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My First Perforated Vase

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Project by Bearpie posted 01-09-2013 08:55 PM 1722 views 8 times favorited 30 comments Add to Favorites Watch

This Rosewood Vase is my first perforated vase, it is 7” H x 7” W. I was shocked when I measured it as I had assumed that it would be taller than it was wide. It sure looked that way.

This was a fun project as it was something different, something unique (at least in my opinion) and from a very stable wood. Rosewood, at present, is my favorite wood to turn! It turns beautifully and because it is an oily wood, it takes a beautiful polish. The perforations took me a day and half to do, the rough sanding another half day, and the final sanding seemed to take forever! When I thought I was finished, the “Boss” came along and said sand it some more, then some more and more! But the final result is worth it! I’m ready to start on my next one but have to do a “request” first.

This was finished with Tung Oil.

Comments and critiques welcomed and appreciated.

-- Erwin, Jacksonville, FL





30 comments so far

View Jamie Speirs's profile

Jamie Speirs

4163 posts in 1604 days


#1 posted 01-09-2013 08:57 PM

That is soo nice
You have captured the organic nature of the wood
A lovely finish as well
Jamie

-- Who is the happiest of men? He who values the merits of others, and in their pleasure takes joy, even as though 'twere his own. --Johann Wolfgang von Goethe

View Sheila Landry (scrollgirl)'s profile

Sheila Landry (scrollgirl)

7892 posts in 1668 days


#2 posted 01-09-2013 09:13 PM

Hi, Erwin!

I love this piece! It is quite beautiful and you did a great job on it. The finish is also lovely. I love seeing your work. You are always doing something new and exciting! Great piece!

Sheila

-- Designer/Artist/Teacher. Owner of Sheila Landry Designs (http://www.sheilalandrydesigns.com) Scroll saw, wood working and painting patterns and surfaces. "Knowledge is Power"

View BritBoxmaker's profile

BritBoxmaker

4446 posts in 1784 days


#3 posted 01-09-2013 09:22 PM

Its got a good organic quality about it. Nice one, Erwin.

-- Martyn -- Boxologist, Pattern Juggler and Candyman of the visually challenging. http://www.theartofboxes.com

View Surfside's profile

Surfside

3361 posts in 921 days


#4 posted 01-09-2013 10:38 PM

What a very lovely piece!

www.bandsawparts.com

-- "someone has to be wounded for others to be saved, someone has to sacrifice for others to feel happiness, someone has to die so others could live"

View Greg..the Cajun Wood Artist's profile

Greg..the Cajun Wood Artist

5264 posts in 2056 days


#5 posted 01-09-2013 10:43 PM

Outrageous…! That is one really nice piece of work that you created and it is easy to see how all that sanding time was spent. I am looking forward to the next one.

-- Each step of every Wood Art project I design and build is considered my masterpieceā€¦ because I want the finished product to reflect the quality and creativeness of my work

View a1Jim's profile

a1Jim

112889 posts in 2325 days


#6 posted 01-09-2013 10:44 PM

Very nice work,beautiful.

-- http://artisticwoodstudio.com Custom furniture

View Lee A. Jesberger's profile

Lee A. Jesberger

6699 posts in 2728 days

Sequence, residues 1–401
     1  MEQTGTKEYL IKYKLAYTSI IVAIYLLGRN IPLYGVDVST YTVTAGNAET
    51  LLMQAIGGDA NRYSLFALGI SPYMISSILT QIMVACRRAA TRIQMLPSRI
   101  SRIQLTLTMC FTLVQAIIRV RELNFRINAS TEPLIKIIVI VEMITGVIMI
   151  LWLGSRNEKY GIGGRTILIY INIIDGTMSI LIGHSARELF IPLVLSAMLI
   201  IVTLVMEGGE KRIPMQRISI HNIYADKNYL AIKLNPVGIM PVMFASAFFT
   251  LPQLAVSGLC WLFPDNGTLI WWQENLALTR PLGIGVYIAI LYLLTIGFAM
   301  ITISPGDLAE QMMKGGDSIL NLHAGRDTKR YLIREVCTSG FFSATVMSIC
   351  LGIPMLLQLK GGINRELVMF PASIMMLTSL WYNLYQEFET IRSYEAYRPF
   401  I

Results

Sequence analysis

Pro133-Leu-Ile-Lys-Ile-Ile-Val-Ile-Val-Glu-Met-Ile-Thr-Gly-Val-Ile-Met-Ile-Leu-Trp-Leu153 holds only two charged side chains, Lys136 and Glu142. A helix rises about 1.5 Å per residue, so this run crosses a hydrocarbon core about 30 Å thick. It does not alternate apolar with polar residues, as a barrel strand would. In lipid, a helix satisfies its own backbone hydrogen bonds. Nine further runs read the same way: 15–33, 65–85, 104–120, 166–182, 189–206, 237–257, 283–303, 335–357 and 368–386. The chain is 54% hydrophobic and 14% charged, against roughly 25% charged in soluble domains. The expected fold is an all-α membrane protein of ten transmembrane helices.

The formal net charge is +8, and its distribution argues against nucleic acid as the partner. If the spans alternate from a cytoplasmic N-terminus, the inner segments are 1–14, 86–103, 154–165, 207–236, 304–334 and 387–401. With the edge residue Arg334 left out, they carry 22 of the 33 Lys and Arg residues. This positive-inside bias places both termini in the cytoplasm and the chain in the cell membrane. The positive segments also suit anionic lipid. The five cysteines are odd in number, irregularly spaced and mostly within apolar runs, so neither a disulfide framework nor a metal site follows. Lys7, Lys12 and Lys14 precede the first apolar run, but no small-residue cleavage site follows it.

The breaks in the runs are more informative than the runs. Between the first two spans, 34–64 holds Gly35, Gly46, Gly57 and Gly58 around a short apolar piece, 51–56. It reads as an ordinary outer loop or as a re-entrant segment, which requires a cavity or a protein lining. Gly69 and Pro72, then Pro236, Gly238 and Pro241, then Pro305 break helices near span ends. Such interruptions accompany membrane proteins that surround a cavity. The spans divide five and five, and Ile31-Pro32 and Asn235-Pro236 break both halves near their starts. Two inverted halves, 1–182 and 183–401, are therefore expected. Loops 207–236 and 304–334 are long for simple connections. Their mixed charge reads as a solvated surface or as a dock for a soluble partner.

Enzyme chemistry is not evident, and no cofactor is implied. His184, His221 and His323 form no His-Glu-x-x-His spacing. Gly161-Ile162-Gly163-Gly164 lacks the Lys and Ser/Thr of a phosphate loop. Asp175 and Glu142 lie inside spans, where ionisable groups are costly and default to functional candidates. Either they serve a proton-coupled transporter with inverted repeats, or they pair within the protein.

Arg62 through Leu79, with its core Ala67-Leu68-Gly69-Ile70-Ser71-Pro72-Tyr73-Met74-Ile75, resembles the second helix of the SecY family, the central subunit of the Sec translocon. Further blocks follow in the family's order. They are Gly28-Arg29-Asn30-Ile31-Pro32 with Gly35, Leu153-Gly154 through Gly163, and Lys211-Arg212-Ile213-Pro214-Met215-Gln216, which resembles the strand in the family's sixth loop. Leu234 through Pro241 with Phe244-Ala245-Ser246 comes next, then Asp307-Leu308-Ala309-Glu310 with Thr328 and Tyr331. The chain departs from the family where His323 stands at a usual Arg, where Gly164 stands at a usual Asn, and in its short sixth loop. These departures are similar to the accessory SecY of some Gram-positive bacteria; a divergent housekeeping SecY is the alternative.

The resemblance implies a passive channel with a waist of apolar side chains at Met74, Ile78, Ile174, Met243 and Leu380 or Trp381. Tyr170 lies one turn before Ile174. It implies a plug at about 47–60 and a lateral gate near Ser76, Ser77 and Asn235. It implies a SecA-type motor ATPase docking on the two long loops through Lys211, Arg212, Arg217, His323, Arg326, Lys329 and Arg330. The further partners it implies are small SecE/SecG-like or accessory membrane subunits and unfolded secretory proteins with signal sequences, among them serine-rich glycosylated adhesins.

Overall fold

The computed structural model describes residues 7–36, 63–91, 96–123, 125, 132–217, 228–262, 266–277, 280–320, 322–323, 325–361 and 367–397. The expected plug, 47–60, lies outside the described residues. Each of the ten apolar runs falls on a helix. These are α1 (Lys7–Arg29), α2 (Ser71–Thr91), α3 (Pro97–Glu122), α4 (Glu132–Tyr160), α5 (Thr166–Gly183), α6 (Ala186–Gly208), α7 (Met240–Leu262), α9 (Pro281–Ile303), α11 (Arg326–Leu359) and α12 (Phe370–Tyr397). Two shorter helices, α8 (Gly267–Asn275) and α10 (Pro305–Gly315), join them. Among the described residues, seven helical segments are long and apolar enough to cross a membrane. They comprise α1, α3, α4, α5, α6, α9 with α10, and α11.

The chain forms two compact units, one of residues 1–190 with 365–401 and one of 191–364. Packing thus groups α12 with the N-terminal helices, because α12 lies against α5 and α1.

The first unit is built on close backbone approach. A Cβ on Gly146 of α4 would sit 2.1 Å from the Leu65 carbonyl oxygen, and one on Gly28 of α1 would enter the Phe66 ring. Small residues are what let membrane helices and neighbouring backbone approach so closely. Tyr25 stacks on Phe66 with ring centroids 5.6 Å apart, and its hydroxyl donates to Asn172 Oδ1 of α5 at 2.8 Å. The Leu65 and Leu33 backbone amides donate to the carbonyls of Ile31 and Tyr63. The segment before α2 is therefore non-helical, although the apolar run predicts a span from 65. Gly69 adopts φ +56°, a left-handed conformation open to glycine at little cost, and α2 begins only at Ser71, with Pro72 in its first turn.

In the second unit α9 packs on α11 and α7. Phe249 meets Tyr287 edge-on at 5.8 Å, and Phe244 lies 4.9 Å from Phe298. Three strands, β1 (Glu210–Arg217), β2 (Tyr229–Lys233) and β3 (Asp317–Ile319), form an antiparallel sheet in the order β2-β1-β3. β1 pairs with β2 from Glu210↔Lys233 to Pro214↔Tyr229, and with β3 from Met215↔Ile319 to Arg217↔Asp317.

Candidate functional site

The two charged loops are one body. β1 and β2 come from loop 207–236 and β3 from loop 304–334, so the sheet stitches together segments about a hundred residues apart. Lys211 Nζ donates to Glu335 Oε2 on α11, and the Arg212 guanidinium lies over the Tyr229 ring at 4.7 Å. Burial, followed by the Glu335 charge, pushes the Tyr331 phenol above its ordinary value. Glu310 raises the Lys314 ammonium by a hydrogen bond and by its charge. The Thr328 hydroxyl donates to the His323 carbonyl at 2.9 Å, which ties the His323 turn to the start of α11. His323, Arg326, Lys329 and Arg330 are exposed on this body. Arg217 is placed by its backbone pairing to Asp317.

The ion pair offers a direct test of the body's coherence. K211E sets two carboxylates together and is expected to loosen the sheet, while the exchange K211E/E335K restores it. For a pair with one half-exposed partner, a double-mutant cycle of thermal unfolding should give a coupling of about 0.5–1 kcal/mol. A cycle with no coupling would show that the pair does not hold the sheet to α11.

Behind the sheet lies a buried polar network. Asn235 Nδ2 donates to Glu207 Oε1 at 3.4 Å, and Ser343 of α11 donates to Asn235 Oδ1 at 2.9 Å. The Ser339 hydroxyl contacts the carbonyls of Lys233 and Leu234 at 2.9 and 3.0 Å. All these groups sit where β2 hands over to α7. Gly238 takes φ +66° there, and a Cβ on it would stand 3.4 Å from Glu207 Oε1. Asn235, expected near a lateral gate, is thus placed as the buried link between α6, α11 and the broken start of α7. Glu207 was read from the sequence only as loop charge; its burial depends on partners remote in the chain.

#7 posted 01-09-2013 10:56 PM

Very nice job..

Lee

-- by Lee A. Jesberger http://www.prowoodworkingtips.com http://www.ezee-feed.com

View MichaelAgate's profile

MichaelAgate

398 posts in 1071 days


#8 posted 01-10-2013 12:16 AM

How did you cut the holes? Fret saw/coping saw?

-- Michael and Matthew

View HillbillyShooter's profile

HillbillyShooter

4878 posts in 1040 days


#9 posted 01-10-2013 12:36 AM

Beautiful work—I feel for you on the sanding!

-- John C. -- "Firearms are second only to the Constitution in importance; they are the peoples' liberty's teeth." George Washington

View Bearpie's profile

Bearpie

2592 posts in 1766 days


#10 posted 01-10-2013 01:19 AM

Michael, I used a drill bit used for making pens, which does not fray the wood, on my drill press with a styrofoam pad underneath and drilled a series of holes next to each other till all cutouts were done. then used my foredom tool and cleaned the rough edges off, then switched to a coarse dremel round sander and sanded away, then switched to fine and sanded some more. Then used a sanding strip and stuck it between the holes and “sawed” away. Then used a flap sander lightly to remove any sanding marks against the grain.

-- Erwin, Jacksonville, FL

View glynn's profile

glynn

299 posts in 2068 days


#11 posted 01-10-2013 01:33 AM

I know just how hard that is …gooood job looks great

-- jim nevada

View MichaelAgate's profile

MichaelAgate

398 posts in 1071 days


#12 posted 01-10-2013 01:43 AM

Thanks for taking time to answer. It sure turned out well, it was worth every bit of effort.

-- Michael and Matthew

View peteg's profile

peteg

3005 posts in 1571 days


#13 posted 01-10-2013 02:20 AM

Erwin, only thoes who have done some piercing work can realise how much goes into these pieces, that rosewood sure is pretty, great job ;)
pete

-- Pete G: If you always do what you always did you'll always get what you always got

View Sanity's profile

Sanity

169 posts in 1438 days


#14 posted 01-10-2013 03:14 AM

Lovely job! I’m sure that took a lot of time and effort. I want to try adding some perforations to my turnings also. Currently my favorite wood for turning is maple burl, not so much for how it turns (there can be a lot of tear out) but the results when finished can be spectacular.

-- Stuart

View Monte Pittman's profile

Monte Pittman

15458 posts in 1086 days


#15 posted 01-10-2013 03:26 AM

very nice job

-- Mother Nature created it, I just assemble it.

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